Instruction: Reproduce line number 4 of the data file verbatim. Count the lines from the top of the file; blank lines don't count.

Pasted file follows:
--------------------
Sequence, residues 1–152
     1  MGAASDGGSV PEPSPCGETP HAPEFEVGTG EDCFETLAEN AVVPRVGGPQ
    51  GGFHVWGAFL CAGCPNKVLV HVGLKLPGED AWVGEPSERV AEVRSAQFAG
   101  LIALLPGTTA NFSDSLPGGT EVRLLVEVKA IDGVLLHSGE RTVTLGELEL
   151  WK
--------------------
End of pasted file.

   101  LIALLPGTTA NFSDSLPGGT EVRLLVEVKA IDGVLLHSGE RTVTLGELEL